If You Prick Us, Do We Not Bleed?

Arab men are racialised as terror adjacent in the West, an association that leads us to forget the innocence of Palestinian men.


Labels are tricky. They can elide as much as they can reveal. They are stalked by their own inadequacies in being able to describe the objects they are attached to. But now is the moment when nothing but unflinching candour will suffice.

I do not like to centre my maleness in political discussions because I know it is an instrument of oppression. Too often, men clamour for attention towards their own problems whenever attention is focused on the oppression they themselves create and enable. Women and children are often the focus of concern because they fit the script of ideal victims. This is not one of those moments.

When I saw the images of dozens of Palestinian men, sitting on the ground, stripped half-naked, with their heads bowed down, armed men surrounding them, the destruction wrought upon Gaza as their backdrop, my soul let out a yell of fury. That characteristic fury perhaps only men know. A violent rage bellowed within me because I knew what that image really meant. It is this rage that forces me to write frantically and scream at whoever reads this: “if you prick us, do we not bleed?”

When people see stories emphasising the threat posed by “young men of military age” seeking refuge in the West, they are talking about these men. When German politicians talk about “young Pashas”, they are talking about these men. When they suddenly take an interest in the misogyny of Islamic societies, they are thinking of these men. When they print headlines about weaponizing rape as an instrument of war, they are thinking of these men. When they scream themselves hoarse about beheaded babies they are thinking of these men. These are the men that are brutes until proven human.

The men they do not think about, are the men with guns stripping them naked and murdering in cold blood those that refuse to be humiliated. They do not think about white men in robes that rape boys. About fascists and skinheads spraying Swastikas and committing arson against Jewish owned businesses. They do not think about the ages of boys who eagerly joined the Hitler Youth, an alumnus of whom became Pope. They do not think about men in suits immiserating millions with their choices. They do not think about the men that dropped nuclear bombs. They do not think about the men that led two world wars and murdered 6 million Jews. In essence, those are the very males who are human, who have the right to rape and murder and starve and steal, who bleed when you prick them. Those beings in that photo on the floor, they are not men. They are mere fleshy vessels to be used for target practice, for entertainment abroad, and for casting suspicions on at home.

If I asked you, how would you know by looking at me, that I am an Arab? If you were to look at the faces of the men with guns, would you be able to immediately differentiate between Arab and Jew? Plainly, you cannot. All you would do is reveal the implicit bigotries that haunt your conscience. One is not born, but rather made an Arab, just as much as one is made a Jew. The great tragedy of the present moment, is that one is made a Jew in direct proportion to one’s willingness to oppress an Arab. This is quite literally the case in some quarters where Jews who stand against the genocide are labelled as un-Jews.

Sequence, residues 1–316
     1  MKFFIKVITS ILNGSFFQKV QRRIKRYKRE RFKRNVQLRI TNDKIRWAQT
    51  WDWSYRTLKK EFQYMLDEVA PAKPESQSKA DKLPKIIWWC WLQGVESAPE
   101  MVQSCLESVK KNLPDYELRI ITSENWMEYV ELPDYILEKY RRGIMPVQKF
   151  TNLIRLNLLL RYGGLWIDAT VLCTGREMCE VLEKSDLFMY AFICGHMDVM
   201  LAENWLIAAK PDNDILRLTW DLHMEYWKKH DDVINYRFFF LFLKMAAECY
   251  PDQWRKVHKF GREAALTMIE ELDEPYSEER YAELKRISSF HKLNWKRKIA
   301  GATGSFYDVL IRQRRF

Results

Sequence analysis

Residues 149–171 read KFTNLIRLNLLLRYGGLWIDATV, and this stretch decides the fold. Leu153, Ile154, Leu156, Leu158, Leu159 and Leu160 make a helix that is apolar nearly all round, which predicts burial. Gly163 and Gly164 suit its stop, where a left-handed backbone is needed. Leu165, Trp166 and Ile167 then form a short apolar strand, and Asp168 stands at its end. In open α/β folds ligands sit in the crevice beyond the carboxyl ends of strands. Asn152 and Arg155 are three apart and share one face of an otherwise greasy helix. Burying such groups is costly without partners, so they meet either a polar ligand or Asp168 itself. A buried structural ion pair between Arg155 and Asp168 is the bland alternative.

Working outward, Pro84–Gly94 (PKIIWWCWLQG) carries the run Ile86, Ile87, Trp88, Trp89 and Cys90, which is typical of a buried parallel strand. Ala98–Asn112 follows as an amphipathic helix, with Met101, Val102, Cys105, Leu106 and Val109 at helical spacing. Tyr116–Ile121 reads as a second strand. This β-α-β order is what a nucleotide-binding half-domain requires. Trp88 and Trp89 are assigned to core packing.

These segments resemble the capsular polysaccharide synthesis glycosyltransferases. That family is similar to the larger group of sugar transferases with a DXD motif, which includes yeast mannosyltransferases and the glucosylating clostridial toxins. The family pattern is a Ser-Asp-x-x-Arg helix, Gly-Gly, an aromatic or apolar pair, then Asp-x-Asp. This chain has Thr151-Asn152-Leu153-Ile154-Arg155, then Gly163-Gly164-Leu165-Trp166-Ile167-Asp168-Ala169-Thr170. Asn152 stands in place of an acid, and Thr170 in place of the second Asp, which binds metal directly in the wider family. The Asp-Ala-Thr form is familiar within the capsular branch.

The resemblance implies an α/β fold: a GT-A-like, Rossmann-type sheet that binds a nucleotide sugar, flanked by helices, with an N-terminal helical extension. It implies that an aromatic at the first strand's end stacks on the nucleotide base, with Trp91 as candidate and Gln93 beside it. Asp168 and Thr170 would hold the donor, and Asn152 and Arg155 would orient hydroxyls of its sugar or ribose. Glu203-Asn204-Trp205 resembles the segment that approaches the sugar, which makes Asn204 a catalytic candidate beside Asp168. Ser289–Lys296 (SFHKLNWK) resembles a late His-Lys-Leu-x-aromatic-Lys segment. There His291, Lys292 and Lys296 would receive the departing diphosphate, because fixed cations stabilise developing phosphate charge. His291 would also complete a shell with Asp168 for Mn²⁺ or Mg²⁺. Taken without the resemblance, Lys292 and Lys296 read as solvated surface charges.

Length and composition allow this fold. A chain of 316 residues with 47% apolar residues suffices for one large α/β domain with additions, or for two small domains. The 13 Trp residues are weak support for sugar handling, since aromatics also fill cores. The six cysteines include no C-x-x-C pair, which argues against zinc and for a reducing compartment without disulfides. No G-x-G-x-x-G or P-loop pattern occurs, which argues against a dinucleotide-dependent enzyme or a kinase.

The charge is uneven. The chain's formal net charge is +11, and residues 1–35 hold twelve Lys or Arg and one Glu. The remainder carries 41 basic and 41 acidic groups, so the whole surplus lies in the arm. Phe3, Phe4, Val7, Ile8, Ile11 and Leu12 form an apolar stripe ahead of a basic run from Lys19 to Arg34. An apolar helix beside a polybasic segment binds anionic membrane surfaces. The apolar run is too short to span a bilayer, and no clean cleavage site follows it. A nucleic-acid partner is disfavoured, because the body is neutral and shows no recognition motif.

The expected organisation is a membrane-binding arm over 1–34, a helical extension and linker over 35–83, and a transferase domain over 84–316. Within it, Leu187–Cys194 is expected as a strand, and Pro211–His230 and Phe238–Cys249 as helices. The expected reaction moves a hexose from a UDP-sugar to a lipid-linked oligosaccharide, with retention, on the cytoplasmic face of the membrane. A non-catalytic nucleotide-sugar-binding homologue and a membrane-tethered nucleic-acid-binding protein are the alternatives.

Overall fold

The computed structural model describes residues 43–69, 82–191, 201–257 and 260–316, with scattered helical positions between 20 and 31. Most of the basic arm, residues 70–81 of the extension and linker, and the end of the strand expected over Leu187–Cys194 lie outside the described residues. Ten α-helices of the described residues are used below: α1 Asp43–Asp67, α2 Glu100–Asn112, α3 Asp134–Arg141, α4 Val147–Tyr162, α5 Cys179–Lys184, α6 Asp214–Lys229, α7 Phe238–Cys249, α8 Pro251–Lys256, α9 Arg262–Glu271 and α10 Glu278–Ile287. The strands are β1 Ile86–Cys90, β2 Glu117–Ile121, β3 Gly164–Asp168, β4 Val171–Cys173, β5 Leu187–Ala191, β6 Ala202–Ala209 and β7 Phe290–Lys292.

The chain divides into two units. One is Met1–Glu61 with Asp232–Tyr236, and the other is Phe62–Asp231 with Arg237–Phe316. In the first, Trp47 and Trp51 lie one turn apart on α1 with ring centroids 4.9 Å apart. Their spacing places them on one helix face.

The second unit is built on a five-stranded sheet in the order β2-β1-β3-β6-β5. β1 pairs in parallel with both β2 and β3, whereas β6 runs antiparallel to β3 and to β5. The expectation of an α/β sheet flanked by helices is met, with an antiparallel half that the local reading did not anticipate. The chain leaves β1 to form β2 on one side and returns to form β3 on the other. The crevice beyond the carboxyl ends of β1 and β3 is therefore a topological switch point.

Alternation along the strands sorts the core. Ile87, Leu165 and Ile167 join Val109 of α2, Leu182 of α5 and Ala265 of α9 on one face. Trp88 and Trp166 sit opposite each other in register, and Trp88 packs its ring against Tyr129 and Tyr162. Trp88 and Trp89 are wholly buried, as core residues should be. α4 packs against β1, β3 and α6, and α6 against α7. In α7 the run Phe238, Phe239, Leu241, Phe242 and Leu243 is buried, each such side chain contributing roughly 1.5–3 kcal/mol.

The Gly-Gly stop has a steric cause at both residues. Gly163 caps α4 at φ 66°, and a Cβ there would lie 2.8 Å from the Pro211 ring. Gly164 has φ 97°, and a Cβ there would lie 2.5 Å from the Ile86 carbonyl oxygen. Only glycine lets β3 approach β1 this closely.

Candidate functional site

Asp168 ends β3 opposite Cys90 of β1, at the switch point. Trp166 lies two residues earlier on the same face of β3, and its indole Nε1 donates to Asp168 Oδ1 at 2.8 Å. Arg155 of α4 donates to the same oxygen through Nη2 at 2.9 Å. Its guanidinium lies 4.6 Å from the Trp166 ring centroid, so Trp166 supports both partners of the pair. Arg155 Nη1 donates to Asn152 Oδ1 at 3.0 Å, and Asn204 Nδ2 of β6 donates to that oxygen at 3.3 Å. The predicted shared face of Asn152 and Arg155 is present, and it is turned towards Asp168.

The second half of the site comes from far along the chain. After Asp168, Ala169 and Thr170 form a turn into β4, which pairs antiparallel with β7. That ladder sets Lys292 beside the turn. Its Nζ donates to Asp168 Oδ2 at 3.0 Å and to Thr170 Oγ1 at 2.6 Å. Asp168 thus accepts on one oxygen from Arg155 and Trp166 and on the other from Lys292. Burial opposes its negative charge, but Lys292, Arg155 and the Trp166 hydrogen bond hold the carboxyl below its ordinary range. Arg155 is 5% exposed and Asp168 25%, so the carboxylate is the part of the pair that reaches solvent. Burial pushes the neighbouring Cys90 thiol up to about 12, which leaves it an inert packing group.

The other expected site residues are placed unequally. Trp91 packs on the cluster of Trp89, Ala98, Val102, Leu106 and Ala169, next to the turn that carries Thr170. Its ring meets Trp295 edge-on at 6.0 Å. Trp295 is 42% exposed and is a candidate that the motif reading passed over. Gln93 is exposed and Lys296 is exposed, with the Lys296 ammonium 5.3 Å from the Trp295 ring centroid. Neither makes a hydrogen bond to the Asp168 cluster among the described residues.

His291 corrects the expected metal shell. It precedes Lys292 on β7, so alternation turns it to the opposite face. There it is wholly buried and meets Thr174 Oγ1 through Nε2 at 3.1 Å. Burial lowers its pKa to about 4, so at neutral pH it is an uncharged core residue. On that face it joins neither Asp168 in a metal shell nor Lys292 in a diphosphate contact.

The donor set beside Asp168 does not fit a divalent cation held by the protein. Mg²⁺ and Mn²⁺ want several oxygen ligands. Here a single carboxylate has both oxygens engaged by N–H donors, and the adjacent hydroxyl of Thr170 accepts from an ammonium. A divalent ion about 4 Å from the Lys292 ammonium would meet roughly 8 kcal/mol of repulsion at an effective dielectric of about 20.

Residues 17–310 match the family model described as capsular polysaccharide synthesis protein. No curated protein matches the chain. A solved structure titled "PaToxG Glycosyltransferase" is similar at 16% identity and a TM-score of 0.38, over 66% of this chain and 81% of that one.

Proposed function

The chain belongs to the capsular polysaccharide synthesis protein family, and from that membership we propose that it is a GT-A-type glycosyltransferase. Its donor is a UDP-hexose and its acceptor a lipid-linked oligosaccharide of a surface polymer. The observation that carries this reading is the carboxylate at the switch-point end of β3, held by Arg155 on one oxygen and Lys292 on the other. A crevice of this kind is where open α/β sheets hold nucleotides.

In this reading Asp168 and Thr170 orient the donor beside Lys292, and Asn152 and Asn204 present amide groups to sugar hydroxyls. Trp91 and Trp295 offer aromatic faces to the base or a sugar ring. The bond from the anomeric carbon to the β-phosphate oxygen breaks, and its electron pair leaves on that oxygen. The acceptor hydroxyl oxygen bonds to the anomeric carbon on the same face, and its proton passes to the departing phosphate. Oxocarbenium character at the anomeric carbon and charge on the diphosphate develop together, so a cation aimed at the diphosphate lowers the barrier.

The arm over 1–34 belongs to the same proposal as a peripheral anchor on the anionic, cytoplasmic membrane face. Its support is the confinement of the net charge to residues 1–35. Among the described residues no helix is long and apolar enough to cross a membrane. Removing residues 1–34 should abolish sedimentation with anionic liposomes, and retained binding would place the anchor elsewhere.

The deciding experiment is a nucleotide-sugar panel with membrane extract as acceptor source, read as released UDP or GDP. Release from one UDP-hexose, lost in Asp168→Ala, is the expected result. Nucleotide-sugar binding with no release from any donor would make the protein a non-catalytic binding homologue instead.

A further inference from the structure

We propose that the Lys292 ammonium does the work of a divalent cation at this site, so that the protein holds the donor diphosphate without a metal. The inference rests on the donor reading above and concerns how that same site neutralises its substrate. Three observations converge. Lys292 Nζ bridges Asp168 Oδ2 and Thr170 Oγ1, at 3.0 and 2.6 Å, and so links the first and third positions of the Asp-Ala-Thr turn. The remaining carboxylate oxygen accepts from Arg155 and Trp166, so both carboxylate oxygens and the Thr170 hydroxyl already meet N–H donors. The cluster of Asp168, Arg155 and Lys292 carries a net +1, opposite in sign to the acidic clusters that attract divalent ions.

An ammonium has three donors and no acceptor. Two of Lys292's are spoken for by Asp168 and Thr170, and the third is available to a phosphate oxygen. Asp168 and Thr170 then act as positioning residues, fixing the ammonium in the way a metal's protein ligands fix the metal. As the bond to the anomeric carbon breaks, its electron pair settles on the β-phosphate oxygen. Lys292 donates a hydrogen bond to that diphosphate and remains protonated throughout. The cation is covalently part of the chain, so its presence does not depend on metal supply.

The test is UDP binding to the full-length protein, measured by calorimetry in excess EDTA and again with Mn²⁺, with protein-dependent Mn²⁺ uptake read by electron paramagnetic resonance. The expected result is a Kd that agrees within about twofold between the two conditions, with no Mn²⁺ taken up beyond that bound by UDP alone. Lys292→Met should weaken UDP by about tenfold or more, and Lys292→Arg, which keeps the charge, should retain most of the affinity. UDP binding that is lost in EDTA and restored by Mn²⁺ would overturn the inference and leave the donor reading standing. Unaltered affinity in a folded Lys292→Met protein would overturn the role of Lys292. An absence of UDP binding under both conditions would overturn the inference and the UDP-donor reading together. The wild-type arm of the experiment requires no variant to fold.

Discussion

We men, we have our faults, they will persist long after this conflict reaches its grisly conclusions. The tone of our skin doesn’t change the burden of our collective guilt as men, but neither does it diminish our essential humanity. Palestinian men deserve as much sympathy as that afforded to the women and children that are dying beside them. The women and children that we so deeply mourn, they weep for them too. They weep for their brothers, for their sons, their fathers, uncles, and grandfathers. They grieve for their mentors and teachers who took the place of the men that were murdered or imprisoned their entire lives. They wail for each and every man who suffered an intolerable fate, for the loss of comfort, humour, and laughter that these men filled their lives with. They possessed all these qualities alongside their innumerable faults; faults that in no way merit their torture, dispossession, or death.

I am not an Arab; I merely resemble one. I don’t speak a word of Arabic, and I would likely struggle to relate to an Arab man just now. Yet I weep with them and for them because I know that we share a common destiny. We will either become, in the eyes of the world, human together, or we will be relegated as brutes among the “Civilised.” We do not have the guns or the bombs, the planes or the tanks, the money and the credentials necessary to qualify as civilised people. If the opposite were the case, we savages of a brownish complexion may participate in the same brutality that the West and Israel is currently gratifying itself with. However, in the present moment the savages and the saints are abundantly differentiable.

Women and children can indeed be victims of the very men they weep for upon their deaths. It does not serve their interests to see them treated like thieves, rapists, or murderers. It benefits no woman or child to have the men in their lives discriminated against, to be underpaid and abused, or to be collectively punished for the crimes committed by people who resemble them. To have the torture, humiliation, and murder of their men broadcast incessantly for months on end alongside a systematic denial of their suffering, inflicts tremendous harm on the very women and children we are so eager to express compassion for. This is all self-evidently true but, given all that has happened without nearly enough moral indignation in response, it bears repeating.